MONTREAL – In a?province that protects its very own and has a history of giving foreign?buyers?a frosty reception, Quebec’s political will is viewed as a major hurdle?for?any suitor circling SNC-Lavalin Group Inc.
Foreign buyers target SNC-Lavalin Group Inc with takeover ambitions: \’People are circling\’
SNC-Lavalin Group Inc. continues to be approached \”informally\” by a minimum of two large foreign engineering firms that are weighing a possible takeover of the beleaguered Canadian engineering and construction giant, the Financial Post realizes.
“[Quebec economy minister Jacques] Daoust has repeated often over the last few months that SNC-Lavalin is a jewel of Quebec,” said Melissa Turgeon,?press attach for the Quebec Ministry of the Economy, Innovation and Exports, in an email.
Daoust?says the president of SNC-Lavalin assured him that today the Canadian engineering giant isn\’t for sale.
In an e-mail to the Financial Post, Turgeon?said the minister spoke with the president and chief executive officer of SNC-Lavalin, Robert Card, Wednesday morning and was told the company is not currently in takeover talks?with potential buyers.
SNC-Lavalin Group Inc. continues to be approached \”informally\” by a minimum of two large foreign engineering firms that are weighing a possible takeover, according to Financial Post sources acquainted with events at the Montreal-based company.
Shares of SNC rose around 3.75 percent in Toronto hitting an intraday high of $47.25 on Wednesday morning before settling at $46.51.
“I like the idea of any takeover. We want all of our companies to obtain taken over if the price is right,” said David Taylor of?Taylor Asset Management, that is a top-ten SNC shareholder on behalf of its clients.
“People see this one like a company that has struggled, it\’s some good assets, it\’s from favour, the valuation is attractive and it\’s cheap relative to its peers.”
Among the potential buyers considered interested are giant Spanish civil and engineering firm Actividades de Construccion y Servicios S.A. (ACS), whose subsidiaries currently partner with SNC on a number of projects; and Australia\’s WorleyParsons, which has publicly stated it would like to expand its presence in Canada.
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WorleyParsons wasn’t immediately readily available for comment.
ACS isn\’t thinking about SNC-Lavalin, Juan Jose Diaz Clavel, a Madrid-based?spokesman for the company, told Bloomberg.
A first concern for SNC and it is shareholders is the 10-year ban on federal public works contracts the company could face if it\’s convicted of criminal corruption charges laid by the RCMP in February from the firm and 2 of its corporate affiliates.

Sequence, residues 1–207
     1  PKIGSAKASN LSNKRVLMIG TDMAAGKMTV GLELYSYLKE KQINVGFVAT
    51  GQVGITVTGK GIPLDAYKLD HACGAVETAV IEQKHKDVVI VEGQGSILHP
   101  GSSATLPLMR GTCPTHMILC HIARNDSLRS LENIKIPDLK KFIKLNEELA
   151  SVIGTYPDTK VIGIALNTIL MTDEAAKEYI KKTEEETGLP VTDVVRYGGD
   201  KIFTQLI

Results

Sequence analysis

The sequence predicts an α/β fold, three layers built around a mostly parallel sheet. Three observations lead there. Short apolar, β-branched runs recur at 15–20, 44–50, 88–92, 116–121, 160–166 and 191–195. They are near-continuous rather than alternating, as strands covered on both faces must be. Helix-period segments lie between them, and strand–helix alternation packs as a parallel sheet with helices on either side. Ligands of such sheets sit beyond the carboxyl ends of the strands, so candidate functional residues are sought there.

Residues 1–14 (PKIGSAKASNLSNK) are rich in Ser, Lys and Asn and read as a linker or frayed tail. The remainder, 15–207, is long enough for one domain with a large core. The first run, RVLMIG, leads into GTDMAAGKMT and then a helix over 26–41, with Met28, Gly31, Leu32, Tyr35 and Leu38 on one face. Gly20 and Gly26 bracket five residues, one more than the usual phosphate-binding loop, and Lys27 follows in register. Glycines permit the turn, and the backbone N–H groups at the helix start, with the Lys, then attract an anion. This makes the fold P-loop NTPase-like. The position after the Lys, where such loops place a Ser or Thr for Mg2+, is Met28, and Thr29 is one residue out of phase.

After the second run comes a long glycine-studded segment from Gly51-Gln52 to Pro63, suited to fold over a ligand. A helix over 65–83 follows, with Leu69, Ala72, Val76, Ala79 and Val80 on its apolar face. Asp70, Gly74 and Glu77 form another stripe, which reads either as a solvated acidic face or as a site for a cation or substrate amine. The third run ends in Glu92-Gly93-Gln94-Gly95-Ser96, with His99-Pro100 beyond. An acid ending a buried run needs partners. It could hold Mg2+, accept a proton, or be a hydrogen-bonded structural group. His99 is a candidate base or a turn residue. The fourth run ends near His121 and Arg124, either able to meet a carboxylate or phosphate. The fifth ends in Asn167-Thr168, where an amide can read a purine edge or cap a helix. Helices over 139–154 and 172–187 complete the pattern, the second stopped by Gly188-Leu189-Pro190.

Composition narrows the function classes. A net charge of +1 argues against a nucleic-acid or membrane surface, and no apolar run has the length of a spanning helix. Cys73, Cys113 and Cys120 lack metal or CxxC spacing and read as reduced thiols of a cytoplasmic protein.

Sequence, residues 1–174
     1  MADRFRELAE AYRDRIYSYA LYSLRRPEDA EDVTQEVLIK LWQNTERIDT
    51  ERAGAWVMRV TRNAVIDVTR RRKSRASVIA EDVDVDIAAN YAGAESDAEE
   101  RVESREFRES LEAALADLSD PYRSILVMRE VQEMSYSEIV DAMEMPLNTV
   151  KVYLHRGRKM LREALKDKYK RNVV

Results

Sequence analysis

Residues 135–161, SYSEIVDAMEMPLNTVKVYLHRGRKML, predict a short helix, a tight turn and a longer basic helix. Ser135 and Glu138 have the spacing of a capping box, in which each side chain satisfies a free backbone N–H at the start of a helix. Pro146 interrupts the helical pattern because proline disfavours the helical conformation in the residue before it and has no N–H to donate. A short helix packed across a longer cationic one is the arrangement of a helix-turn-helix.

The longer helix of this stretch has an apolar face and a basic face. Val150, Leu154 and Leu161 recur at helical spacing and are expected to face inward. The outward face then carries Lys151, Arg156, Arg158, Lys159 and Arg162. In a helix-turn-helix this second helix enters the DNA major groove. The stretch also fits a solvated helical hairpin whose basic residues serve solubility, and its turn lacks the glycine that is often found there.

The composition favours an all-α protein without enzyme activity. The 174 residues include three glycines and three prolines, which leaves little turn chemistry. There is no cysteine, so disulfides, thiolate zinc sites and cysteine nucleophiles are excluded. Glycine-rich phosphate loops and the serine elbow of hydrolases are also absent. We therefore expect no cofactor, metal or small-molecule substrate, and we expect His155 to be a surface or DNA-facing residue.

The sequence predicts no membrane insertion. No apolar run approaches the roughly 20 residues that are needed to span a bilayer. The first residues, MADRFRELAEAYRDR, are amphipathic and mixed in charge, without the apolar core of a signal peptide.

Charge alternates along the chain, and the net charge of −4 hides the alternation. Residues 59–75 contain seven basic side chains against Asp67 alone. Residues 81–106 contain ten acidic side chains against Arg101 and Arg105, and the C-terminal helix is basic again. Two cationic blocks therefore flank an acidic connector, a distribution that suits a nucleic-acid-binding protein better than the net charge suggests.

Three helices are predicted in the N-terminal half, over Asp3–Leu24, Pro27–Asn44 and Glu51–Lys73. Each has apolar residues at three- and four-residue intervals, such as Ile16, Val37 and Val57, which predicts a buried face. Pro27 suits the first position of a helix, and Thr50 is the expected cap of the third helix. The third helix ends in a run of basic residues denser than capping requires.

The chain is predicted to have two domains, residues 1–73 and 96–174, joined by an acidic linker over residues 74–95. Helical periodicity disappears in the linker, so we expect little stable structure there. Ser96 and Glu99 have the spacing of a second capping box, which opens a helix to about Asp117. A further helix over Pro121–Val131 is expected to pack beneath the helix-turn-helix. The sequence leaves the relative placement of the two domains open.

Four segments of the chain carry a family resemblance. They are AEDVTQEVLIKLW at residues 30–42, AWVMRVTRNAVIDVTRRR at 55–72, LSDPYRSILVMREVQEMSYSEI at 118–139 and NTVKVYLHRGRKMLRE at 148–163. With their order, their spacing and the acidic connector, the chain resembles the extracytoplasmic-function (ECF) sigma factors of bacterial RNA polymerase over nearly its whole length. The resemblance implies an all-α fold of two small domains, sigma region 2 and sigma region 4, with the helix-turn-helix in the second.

SNC?executives have said they hope the company will instead have the ability to pay a fine in place of a guilty plea.
Taylor states that a takeover might be one way to avoid that contract ban.
“I\’m not sure you can ever escape the financial penalty, but that 10-year ban, you may be able to elude that with the business in another entity,” he said.
?Daoust has repeated many times over the last few months that SNC-Lavalin is really a jewel of Quebec
The likelihood of a foreign strategic player detaching the entire clients are relatively small, based on Dundee Capital Markets analyst Maxim Sytchev.
He says he doesn\’t believe that local Quebec powers would allow the potential loss of a hq, though having local buyers involved will make the situation more \”politically palatable.\”
\”If there\’s a ‘Quebec Inc.’ solution which is part of their whole takeover plan, that\’s something. But you should not underestimate the political underpinning for the reason that geography,\” he explained.
The province?has been hostile to foreign takeovers previously.
When U.S.-based?Lowe’s Companies Inc. attempted to buy the Rona Inc.?home-improvement retail chain in 2012, the government declared the Quebec company?\”a major strategic asset for Canada.\”
Sytchev?says it\’s more likely that Canadian pension funds would acquire the hard assets while waiting for SNC’s engineering and construction division to stabilize.
Currently, most of SNC\’s largest shareholders are Canadian pension funds and cash managers, led by the Caisse de dp?t et placement with a 12.17 per cent stake.
\”As usual, we never comment on market rumours regarding companies we invest in,\” said Maxime Chagnon, senior director of media relations at the Caisse.
Sytchev says that if there is a takeover for the whole asset base it might need to happen before SNC begins selling its Highway 407 stake over the past quarter of 2015.
“If individuals are looking at the entire portfolio they need to act now, if they are looking at pieces, they can wait,\”?said Sytchev.
With files from Bloomberg News